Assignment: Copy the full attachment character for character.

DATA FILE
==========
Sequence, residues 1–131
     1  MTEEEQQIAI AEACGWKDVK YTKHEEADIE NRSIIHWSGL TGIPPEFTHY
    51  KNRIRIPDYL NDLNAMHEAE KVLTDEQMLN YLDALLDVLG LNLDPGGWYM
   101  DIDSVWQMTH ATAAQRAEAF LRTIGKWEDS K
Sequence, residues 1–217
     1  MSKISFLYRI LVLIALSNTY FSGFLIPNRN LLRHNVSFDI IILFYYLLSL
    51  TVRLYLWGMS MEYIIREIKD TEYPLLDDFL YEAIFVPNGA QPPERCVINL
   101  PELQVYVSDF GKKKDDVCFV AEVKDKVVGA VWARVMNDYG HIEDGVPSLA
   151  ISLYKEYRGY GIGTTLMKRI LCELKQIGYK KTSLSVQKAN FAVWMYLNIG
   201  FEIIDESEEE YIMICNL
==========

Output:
Sequence, residues 1–131
     1  MTEEEQQIAI AEACGWKDVK YTKHEEADIE NRSIIHWSGL TGIPPEFTHY
    51  KNRIRIPDYL NDLNAMHEAE KVLTDEQMLN YLDALLDVLG LNLDPGGWYM
   101  DIDSVWQMTH ATAAQRAEAF LRTIGKWEDS K
Sequence, residues 1–217
     1  MSKISFLYRI LVLIALSNTY FSGFLIPNRN LLRHNVSFDI IILFYYLLSL
    51  TVRLYLWGMS MEYIIREIKD TEYPLLDDFL YEAIFVPNGA QPPERCVINL
   101  PELQVYVSDF GKKKDDVCFV AEVKDKVVGA VWARVMNDYG HIEDGVPSLA
   151  ISLYKEYRGY GIGTTLMKRI LCELKQIGYK KTSLSVQKAN FAVWMYLNIG
   201  FEIIDESEEE YIMICNL